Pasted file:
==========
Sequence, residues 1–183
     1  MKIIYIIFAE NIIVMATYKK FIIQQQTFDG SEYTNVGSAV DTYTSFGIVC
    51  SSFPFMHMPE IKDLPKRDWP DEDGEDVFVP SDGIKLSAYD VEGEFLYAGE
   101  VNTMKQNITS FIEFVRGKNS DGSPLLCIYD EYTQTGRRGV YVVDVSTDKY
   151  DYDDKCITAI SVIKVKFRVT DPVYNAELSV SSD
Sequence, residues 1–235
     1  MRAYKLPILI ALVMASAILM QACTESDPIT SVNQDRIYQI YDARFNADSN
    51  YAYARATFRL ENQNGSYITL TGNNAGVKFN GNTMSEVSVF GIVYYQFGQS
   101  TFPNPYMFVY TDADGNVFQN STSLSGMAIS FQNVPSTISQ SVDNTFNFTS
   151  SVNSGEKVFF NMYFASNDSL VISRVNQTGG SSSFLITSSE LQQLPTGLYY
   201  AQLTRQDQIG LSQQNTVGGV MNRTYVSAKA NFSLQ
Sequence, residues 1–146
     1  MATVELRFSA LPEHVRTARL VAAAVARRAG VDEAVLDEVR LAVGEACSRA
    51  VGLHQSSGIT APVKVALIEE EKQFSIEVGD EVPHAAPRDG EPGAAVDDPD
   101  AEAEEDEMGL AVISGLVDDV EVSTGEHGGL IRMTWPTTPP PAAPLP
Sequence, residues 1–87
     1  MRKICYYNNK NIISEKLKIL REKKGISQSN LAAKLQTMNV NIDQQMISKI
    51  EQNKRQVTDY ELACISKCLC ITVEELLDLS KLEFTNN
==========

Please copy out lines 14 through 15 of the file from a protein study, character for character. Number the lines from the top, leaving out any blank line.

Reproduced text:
    51  VGLHQSSGIT APVKVALIEE EKQFSIEVGD EVPHAAPRDG EPGAAVDDPD
   101  AEAEEDEMGL AVISGLVDDV EVSTGEHGGL IRMTWPTTPP PAAPLP